Tennessee Agency Creates Identity Crimes Unit

It consists of employees from the Tennessee Highway Patrol, the Office of Homeland Security, and the Driver Services Division. Federal agencies are supporting investigations with possible federal violations.

Bill Gibbons, commissioner of Tennessee's Department of Safety and Homeland Security, is forming a new investigative unit focused on identity theft and related crimes. He said Aug. 28 the new Identity Crimes Unit is comprised of employees from three divisions of his department -- the Tennessee Highway Patrol, Office of Homeland Security, and Driver Services Division.

U.S. Secret Service Nashville and Memphis field offices; Homeland Security Investigations under the U.S. Department of Homeland Security; and the FBI Memphis division will support the unit on investigations with possible federal violations.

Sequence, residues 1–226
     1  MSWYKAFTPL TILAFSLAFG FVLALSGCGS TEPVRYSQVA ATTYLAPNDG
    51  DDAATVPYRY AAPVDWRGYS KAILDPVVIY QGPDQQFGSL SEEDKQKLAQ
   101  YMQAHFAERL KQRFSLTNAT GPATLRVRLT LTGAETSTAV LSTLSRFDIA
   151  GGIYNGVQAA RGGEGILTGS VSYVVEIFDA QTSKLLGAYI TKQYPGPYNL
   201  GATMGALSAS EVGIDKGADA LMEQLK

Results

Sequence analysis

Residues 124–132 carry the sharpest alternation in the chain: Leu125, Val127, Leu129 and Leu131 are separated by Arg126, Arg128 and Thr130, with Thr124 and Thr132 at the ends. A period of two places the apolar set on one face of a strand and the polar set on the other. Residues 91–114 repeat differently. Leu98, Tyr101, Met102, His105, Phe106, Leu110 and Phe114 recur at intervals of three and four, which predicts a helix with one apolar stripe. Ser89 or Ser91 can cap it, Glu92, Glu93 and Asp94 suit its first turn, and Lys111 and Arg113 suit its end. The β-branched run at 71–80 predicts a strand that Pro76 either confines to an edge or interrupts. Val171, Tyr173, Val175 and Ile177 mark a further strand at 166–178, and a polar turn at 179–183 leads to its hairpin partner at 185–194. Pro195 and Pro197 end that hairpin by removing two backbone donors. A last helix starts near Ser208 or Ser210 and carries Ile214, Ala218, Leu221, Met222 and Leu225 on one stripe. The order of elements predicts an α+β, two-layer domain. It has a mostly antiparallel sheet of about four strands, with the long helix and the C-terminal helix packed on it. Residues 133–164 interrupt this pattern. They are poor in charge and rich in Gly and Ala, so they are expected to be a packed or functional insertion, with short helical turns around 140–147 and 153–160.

Gibbons said the unit grew out of a departmental review requested by Gov. Bill Haslam. "As part of the top-to-bottom review, we focused on the needs of our citizens and the law enforcement community, as well as ways we could maximize the effective use of the resources we have," Gibbons said.

According to the Consumer Sentinel Network, a database used by law enforcement to collect consumer complaints, in 2011 there were 4,275 complaints of ID theft filed in Tennessee, compared to 4,175 filed in 2010. Nationwide in 2011 there were 279,156 complaints filed, compared to 258,854 filed in 2010.

"Identity crimes are a growing part of our crime problem, and many local law enforcement agencies struggle with investigating these cases. In addition, the Highway Patrol has specific authority under state law to investigate identity theft, there are obvious homeland security concerns with such crimes, and many identity crimes relate to driver licenses. So we see it as a great opportunity for all three divisions of the department—our state troopers, homeland security agents, and driver license examiners—to work together as a team," Gibbons said.

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